You don't put on a record to listen to the guitar tone.

Take it into perspective man. It's not about the guitars, the bass, or the drums.
It's about how every element comes together.
There is no such thing as a good guitar tone in a mix, a good bass tone or a good drum sound.
If you ever have the chance to solo a track on a mix, it sounds like shit.
A good sounding guitar tone on it's own will not fit in a mix, period.
You have to make some compromise.
Yes, once you high pass that bottom end out from the guitar, multi band compress the lower mids and scoop out some of the core mids to make way for the bass guitar the guitar wont sound good at all on it's own.
But when it comes together in the mix, BAM, it kicks major fucking ass.
Listen to bass guitar track solo'd. Truth is, there isn't a lot of actual bass in the bass guitar. There is only just enough to fill out a bit of the bottom end and not much more because there needs to be space for the kick drum as well.
Alone, a kick drum on it's own sounds really weak and shitty. But in a mix it provides a certain snap and attack with it's upper end attack and provides the low end with good cohesion and fills out of the space in the sub bass and mid bass that the guitars , or the vocals or the snare just can't fill up.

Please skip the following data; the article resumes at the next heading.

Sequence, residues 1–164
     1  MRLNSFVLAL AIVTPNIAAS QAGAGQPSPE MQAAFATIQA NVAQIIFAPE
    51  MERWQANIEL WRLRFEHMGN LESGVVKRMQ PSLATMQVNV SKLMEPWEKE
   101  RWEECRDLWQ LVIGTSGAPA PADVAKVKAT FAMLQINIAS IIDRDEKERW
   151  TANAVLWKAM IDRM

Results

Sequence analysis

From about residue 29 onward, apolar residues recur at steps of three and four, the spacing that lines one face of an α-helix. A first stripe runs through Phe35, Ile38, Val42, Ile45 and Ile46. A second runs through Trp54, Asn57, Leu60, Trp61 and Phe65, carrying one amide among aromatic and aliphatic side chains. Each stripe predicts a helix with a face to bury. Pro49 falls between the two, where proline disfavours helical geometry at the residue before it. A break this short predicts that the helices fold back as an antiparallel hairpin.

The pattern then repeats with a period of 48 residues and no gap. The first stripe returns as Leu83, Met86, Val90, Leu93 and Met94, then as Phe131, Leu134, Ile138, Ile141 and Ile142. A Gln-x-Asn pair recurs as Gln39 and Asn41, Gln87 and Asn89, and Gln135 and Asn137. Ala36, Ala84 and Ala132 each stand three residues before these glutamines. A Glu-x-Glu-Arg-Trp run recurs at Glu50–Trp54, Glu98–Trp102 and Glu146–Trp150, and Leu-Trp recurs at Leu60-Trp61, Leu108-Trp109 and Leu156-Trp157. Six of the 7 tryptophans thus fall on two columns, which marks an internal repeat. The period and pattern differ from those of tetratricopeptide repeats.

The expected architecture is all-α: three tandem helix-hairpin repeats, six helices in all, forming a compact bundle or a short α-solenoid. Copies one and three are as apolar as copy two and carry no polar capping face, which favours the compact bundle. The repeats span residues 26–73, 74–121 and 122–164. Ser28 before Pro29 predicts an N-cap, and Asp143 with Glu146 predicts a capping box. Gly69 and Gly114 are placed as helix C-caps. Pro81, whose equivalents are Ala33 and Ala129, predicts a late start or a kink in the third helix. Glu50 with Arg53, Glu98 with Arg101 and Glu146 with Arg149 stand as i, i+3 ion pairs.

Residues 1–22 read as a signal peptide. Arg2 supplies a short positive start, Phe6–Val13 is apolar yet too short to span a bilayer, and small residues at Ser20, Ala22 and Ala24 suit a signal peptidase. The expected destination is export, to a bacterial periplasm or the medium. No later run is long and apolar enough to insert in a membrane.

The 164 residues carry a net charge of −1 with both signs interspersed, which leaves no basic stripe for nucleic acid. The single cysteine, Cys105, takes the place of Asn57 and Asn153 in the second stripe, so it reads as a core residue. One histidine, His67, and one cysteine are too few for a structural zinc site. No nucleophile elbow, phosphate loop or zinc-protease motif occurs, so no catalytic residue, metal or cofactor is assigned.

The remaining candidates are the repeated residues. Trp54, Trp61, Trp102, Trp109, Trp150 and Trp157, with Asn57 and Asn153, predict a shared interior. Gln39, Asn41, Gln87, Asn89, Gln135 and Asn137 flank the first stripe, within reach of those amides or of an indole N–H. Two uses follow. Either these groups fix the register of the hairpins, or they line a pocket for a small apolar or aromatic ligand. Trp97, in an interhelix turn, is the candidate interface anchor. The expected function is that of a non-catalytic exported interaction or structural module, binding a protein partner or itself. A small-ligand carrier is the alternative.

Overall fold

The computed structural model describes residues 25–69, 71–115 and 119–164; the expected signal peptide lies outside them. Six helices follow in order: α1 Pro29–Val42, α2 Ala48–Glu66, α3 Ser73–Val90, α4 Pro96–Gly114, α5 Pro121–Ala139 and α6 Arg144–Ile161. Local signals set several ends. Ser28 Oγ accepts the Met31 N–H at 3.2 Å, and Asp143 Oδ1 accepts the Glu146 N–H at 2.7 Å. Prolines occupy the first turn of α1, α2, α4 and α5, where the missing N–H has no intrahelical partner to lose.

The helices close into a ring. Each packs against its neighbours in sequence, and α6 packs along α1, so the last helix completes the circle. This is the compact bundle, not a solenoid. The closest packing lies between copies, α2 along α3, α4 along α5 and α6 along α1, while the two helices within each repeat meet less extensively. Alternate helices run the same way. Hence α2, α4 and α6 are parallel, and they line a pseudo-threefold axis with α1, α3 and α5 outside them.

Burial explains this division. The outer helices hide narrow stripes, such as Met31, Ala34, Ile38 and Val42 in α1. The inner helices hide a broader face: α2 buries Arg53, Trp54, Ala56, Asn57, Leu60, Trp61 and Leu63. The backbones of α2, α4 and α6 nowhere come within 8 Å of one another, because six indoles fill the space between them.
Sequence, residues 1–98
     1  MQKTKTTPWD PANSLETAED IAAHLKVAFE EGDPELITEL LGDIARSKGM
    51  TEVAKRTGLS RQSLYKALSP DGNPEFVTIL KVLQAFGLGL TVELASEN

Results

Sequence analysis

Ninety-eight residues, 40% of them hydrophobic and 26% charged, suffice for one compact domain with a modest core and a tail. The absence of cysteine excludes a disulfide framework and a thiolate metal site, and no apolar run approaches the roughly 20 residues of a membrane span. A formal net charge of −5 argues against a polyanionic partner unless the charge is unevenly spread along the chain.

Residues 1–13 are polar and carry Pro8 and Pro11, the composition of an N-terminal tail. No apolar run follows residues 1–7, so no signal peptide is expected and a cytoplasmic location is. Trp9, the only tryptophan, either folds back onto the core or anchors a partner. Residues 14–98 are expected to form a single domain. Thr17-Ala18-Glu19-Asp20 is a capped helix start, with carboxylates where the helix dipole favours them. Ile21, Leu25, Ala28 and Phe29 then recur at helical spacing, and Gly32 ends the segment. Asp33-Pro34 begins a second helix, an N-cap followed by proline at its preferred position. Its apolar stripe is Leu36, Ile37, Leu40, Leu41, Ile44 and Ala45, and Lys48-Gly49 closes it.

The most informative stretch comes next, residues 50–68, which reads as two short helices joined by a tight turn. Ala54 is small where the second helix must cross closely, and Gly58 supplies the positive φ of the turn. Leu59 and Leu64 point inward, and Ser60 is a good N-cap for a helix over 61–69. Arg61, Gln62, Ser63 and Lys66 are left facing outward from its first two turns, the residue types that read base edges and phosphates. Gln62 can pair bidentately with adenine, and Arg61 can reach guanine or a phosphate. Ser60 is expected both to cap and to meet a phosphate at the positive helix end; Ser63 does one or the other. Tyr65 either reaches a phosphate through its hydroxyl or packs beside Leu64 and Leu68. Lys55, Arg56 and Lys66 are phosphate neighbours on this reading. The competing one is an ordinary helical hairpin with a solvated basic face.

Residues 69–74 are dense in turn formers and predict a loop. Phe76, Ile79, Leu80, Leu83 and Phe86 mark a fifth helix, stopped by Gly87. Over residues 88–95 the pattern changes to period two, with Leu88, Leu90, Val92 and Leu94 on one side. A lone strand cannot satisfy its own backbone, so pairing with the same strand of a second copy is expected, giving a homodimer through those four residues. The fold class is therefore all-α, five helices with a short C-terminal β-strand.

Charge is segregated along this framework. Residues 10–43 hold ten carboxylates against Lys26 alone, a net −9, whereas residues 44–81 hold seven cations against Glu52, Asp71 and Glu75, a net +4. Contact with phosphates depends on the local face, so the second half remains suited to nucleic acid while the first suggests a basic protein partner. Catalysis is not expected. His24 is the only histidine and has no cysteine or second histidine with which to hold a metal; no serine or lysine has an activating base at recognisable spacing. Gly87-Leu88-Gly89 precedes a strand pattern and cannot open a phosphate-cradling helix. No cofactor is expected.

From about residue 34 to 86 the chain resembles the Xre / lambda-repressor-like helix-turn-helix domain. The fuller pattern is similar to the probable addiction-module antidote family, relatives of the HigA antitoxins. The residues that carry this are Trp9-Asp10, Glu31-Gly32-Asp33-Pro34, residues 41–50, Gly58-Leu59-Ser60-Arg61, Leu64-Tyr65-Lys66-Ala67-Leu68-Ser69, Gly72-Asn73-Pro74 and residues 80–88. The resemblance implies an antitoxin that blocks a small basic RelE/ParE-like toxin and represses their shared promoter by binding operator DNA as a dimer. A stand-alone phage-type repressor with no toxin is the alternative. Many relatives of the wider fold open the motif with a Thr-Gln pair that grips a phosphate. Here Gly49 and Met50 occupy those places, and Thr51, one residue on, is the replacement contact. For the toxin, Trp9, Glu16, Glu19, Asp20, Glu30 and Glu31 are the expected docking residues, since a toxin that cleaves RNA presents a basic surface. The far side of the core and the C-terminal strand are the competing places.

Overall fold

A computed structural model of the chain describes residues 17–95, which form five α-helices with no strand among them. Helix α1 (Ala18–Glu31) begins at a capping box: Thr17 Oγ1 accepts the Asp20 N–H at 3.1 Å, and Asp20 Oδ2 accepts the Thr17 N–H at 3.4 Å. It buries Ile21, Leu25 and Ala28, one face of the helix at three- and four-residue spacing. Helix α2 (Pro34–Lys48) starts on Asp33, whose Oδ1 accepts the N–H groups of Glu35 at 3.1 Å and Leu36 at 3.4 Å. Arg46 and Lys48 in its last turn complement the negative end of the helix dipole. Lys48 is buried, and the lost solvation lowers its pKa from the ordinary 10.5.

Sit down with any album you think has "good guitar tone" but then listen to how it sounds in the mix.
Chances are you'll realize the guitars actually don't sound any good at all when all you listen to the guitars, because the guitar tracks were designed in mind to sound good only taken in proper perspective with the full mix.

It's unfortunate that guitarists spend so much time trying to get the holy grail of guitar tone, so focused on their guitar tone, when instead it's time just better spent understanding what specific frequencies do and how they relate to other elements of a mix.
You're kinda trying to tell us what we already know about how mixes work. The fact of the matter is, that at the end of the day, the guitars do sound a certain way in the mix. Your pickups and amps are going to affect that significantly, no matter how many filters you apply.
 

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RG 7 player of doom
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Dude, seriously, don't try and tell me how things work together in a mix, I've been mixing my own and other peoples bands for about 8 years now, quite often being paid for the privilege.

I'm simply saying, that your idea of what consitutes a good guitar tone in a mix isn't the same as everyone elses, and from the list of albums you put, me and you disagree intently on what we view as a good guitar tone in a mix. Stop telling people their opinions are wrong, and putting your views across as fact.
Hey, I think my post is pretty much agreeing with you that the guitar tones on TGE are not actually good though ;)
I just think at some point, you can look at a mix in an objective fashion and say "Goddamn, that's a tight mix".
I mean, I honestly think that musically, Stabbing the Drama is actually pretty crappy, but when I look past that subjective factor of the music it's the tightest mix I've heard to date.
I would say though that perhaps TGE is a little bit too heavy on the 7KHz fizz for my personal tastes and I guess you probably agree with that too.
 

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RG 7 player of doom